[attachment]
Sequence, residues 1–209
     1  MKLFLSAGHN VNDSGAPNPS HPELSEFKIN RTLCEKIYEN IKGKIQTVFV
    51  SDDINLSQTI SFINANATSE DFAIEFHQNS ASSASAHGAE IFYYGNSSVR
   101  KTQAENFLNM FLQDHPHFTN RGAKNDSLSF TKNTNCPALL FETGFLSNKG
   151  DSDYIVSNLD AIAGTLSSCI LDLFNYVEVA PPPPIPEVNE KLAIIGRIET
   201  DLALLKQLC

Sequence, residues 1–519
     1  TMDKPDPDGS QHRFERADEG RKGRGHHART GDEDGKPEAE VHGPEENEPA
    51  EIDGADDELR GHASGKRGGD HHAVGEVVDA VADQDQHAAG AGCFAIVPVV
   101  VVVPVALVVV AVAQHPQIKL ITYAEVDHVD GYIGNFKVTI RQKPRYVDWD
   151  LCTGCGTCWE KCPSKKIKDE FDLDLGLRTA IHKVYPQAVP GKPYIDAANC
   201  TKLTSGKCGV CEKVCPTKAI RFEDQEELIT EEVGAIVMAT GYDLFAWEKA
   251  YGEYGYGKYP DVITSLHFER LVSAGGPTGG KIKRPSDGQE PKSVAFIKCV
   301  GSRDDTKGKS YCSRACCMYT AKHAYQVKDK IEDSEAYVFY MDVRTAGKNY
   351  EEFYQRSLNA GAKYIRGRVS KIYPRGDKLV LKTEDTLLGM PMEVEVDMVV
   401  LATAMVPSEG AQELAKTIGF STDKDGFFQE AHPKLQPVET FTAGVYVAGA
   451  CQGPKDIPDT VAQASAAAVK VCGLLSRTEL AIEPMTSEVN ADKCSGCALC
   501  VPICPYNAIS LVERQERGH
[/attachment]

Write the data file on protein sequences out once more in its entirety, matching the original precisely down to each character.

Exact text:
Sequence, residues 1–209
     1  MKLFLSAGHN VNDSGAPNPS HPELSEFKIN RTLCEKIYEN IKGKIQTVFV
    51  SDDINLSQTI SFINANATSE DFAIEFHQNS ASSASAHGAE IFYYGNSSVR
   101  KTQAENFLNM FLQDHPHFTN RGAKNDSLSF TKNTNCPALL FETGFLSNKG
   151  DSDYIVSNLD AIAGTLSSCI LDLFNYVEVA PPPPIPEVNE KLAIIGRIET
   201  DLALLKQLC

Sequence, residues 1–519
     1  TMDKPDPDGS QHRFERADEG RKGRGHHART GDEDGKPEAE VHGPEENEPA
    51  EIDGADDELR GHASGKRGGD HHAVGEVVDA VADQDQHAAG AGCFAIVPVV
   101  VVVPVALVVV AVAQHPQIKL ITYAEVDHVD GYIGNFKVTI RQKPRYVDWD
   151  LCTGCGTCWE KCPSKKIKDE FDLDLGLRTA IHKVYPQAVP GKPYIDAANC
   201  TKLTSGKCGV CEKVCPTKAI RFEDQEELIT EEVGAIVMAT GYDLFAWEKA
   251  YGEYGYGKYP DVITSLHFER LVSAGGPTGG KIKRPSDGQE PKSVAFIKCV
   301  GSRDDTKGKS YCSRACCMYT AKHAYQVKDK IEDSEAYVFY MDVRTAGKNY
   351  EEFYQRSLNA GAKYIRGRVS KIYPRGDKLV LKTEDTLLGM PMEVEVDMVV
   401  LATAMVPSEG AQELAKTIGF STDKDGFFQE AHPKLQPVET FTAGVYVAGA
   451  CQGPKDIPDT VAQASAAAVK VCGLLSRTEL AIEPMTSEVN ADKCSGCALC
   501  VPICPYNAIS LVERQERGH